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|May 10, 1999||
D P Yadav interrogated over absconding son Vicky
Suhasini Haidar in New Delhi
Rajya Sabha MP D P Yadav, father of the absconding suspect in the Jessica Lal murder case Vikas Yadav, was interrogated by the Delhi police today. Yadav, who spoke to members of the press after his three-hour long interrogation at the Mehrauli police station, claimed he had no knowledge of his son's whereabouts, but would inform the police as soon as he had any information. "We would like to help the police in any way we can," said Yadav, "And I expect that Vikas will come back soon."
According to the police,Vikas Yadav, a sugar mill owner in western Uttar Pradesh, was with chief suspect Manu Sharma on the night of the murder. Police sources said Sharma may have even spent that night at Yadav's home in New Delhi.
While Sharma, who has allegedly admitted killing ex-model Jessica Lal while under the influence of alcohol, has been remanded to police custody, Yadav has been eluding the police since the night of the murder. Two other friends of Sharma's who were with him that night, Tony Singh and Alok Khanna, are already in police custody.
While explaining to the police today that he had been unable to 'meet' his son in the past ten days, Yadav asked for some more time, in order to track his son down. D P Yadav is a controversial figure in Ghaziabad and Western Uttar Pradesh.
According to sources, he started his career by selling country liquor in pouches in the early 1980s. In a few years he was able to acquire the government license for a liquor shop in Dadri, UP. From then onwards his business has burgeoned to the point that today, Yadav is said to control almost two-thirds of the government licensed shops in Uttar Pradesh.
"D P Yadav himself may not be involved in any criminal cases involving violence," says Trilok Tyagi, general secretary of the Lok Dal in Uttar Pradesh, "But people fear him because he surrounds himself with goondas and strongmen. In any case, the liquor business has always had strong links with crime in India."
In Ghaziabad, few people are willing to go on the record with details about Yadav. However, most will point to the phenomenal increase in his fortunes in the past decade. "He is hand in glove with all the authorities, be it excise officials, policemen, or local politicians," they allege.
In 1989, Yadav was ushered into politics by former defence minister and Samajwadi Party president Mulayam Singh Yadav. He then won the MLA seat from Bulandshahr, and joined Mulayam Singh's cabinet in Uttar Pradesh. By the next election, however, he fallen out with his political mentor, and stood against Mulayam Singh from Sambhal, contesting on the Bharatiya Janta Party symbol. He lost that election. Two years later, however, Yadav won over 18 MLAs of the Bahujan Samaj Party, and became the president of the Loktantrik BSP, an event that catapulted him into the Rajya Sabha.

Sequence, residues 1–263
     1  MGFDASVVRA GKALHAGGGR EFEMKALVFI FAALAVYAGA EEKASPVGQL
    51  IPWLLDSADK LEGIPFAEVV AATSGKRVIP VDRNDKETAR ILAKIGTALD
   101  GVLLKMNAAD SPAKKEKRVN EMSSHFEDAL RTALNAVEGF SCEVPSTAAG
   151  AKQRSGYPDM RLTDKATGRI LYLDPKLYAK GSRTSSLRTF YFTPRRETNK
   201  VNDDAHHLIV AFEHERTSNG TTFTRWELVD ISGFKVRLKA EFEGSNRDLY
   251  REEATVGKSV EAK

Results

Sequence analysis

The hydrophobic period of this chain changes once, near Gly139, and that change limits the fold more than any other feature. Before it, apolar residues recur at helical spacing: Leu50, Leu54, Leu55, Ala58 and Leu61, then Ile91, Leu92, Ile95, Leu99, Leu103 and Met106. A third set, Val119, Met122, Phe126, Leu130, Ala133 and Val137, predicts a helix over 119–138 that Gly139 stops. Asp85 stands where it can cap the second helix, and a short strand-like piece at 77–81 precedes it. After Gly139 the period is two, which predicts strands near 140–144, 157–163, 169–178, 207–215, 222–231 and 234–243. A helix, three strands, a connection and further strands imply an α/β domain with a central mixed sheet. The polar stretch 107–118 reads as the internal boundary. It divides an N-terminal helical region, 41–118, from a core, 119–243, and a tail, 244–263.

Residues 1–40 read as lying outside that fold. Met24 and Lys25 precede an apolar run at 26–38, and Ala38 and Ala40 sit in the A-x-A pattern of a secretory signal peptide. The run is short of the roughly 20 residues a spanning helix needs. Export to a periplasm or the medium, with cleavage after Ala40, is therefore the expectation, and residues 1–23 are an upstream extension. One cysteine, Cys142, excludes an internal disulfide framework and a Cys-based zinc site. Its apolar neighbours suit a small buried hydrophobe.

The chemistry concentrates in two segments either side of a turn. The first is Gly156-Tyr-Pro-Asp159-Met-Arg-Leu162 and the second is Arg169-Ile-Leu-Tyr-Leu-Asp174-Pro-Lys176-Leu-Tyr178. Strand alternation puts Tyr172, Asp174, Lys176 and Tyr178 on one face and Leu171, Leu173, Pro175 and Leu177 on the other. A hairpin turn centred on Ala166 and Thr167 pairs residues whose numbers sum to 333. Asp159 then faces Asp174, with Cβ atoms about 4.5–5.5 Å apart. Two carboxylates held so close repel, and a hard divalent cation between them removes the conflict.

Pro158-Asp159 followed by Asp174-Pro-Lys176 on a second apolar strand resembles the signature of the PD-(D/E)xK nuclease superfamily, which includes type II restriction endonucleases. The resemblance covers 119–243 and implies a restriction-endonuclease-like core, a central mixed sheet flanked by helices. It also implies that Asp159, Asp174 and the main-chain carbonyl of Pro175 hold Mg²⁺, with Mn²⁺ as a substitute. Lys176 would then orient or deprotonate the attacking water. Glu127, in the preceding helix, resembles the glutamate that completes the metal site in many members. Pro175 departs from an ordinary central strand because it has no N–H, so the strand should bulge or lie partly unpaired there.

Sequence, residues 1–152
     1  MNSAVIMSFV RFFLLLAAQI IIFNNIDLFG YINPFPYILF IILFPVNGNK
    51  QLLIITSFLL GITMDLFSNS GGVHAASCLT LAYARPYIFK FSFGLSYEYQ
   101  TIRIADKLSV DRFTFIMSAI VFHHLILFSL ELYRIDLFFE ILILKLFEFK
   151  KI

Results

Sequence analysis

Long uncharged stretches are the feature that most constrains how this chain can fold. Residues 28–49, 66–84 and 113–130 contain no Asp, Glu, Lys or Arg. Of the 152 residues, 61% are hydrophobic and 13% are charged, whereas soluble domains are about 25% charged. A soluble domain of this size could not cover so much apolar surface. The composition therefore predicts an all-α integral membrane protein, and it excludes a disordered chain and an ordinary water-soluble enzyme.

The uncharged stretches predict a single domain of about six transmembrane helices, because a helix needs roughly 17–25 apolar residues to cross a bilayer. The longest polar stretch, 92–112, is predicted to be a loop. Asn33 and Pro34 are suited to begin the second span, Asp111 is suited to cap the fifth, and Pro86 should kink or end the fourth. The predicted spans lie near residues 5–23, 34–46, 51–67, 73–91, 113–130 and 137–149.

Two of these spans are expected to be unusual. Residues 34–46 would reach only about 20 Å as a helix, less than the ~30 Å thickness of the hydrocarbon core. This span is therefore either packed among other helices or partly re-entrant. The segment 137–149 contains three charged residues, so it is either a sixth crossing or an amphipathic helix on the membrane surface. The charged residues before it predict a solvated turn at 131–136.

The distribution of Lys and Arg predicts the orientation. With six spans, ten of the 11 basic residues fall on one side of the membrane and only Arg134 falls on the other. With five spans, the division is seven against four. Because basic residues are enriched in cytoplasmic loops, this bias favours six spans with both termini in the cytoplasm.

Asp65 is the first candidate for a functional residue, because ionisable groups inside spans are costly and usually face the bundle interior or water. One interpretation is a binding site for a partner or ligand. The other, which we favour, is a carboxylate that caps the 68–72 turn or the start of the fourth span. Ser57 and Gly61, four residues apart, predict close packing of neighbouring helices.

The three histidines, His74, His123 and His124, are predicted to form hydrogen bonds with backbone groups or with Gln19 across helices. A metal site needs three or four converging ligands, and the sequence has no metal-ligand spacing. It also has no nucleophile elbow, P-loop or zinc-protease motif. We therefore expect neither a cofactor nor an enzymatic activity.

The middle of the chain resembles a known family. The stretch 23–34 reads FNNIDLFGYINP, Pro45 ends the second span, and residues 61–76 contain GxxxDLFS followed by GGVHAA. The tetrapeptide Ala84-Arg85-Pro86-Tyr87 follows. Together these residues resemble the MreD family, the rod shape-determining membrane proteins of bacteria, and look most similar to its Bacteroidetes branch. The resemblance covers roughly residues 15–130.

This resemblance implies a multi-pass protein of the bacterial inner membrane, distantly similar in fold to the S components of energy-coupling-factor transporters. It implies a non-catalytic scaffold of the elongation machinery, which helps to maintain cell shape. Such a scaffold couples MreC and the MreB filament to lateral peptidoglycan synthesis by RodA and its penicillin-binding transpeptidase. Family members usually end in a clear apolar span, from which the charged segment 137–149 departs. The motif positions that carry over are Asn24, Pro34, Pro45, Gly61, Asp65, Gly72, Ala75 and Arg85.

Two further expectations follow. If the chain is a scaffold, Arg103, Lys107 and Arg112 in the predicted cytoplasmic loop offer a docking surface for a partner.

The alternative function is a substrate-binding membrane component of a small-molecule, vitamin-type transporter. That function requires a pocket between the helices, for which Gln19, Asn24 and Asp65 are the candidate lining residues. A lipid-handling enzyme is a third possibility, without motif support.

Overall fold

His son,Vikas Yadav, who allegedly accompanied Manu Sharma to the Qutab Colonade on April 29, and then, according to the Delhi police, helped him to escape from Delhi, has has built up a formidable reputation in western Uttar Pradesh.
Although he helps run some of his father's liquor businesses in Uttar Pradesh, his main concern is in some sugar mills in Sambhal. In fact, while the police claim he has been evading arrest for the past ten days, his father had so far maintained that Vikas was actually in the UP hinterlands, negotiating for some machinery for his mills.
Police sources, however, say the reason Vikas Yadav is absconding may be because of another case. In 1991, Vikas was charged along with four others for the murder of a young student in Hathras, UP. According to their records, the student, Devinder Kumar, was shot to death in Ghaziabad. Vikas was incriminated by the statement of the victim's father.
Police sources say Vikas might fear that even if he is arrested for a short period for escorting Manu Sharma, he may end up with a far longer stint in prison for his alleged role in the earlier murder case. "After all, why would he evade the police for so long if it was only a question of the Manu Sharma case, in which his crime is a bailable offence?" asked an officer investigating the killing.
Technically, Yadav could face a jail sentence for withholding his son's whereabouts. Yet, few believe that with the clout he wields, that either Yadav or his son Vikas will be brought to book for that offence, assuming it can be proved. "You can't just arrest him, he is a member of Parliament, an ex-minister of UP, and an extremely powerful man," said a police source today.
However, most concede that summoning D P Yadav for interrogation this afternoon was in itself an indicator that the patience of the Delhi police may be running out. And it remains to be seen just how soon their efforts will yield the missing suspect, Vikas Yadav.
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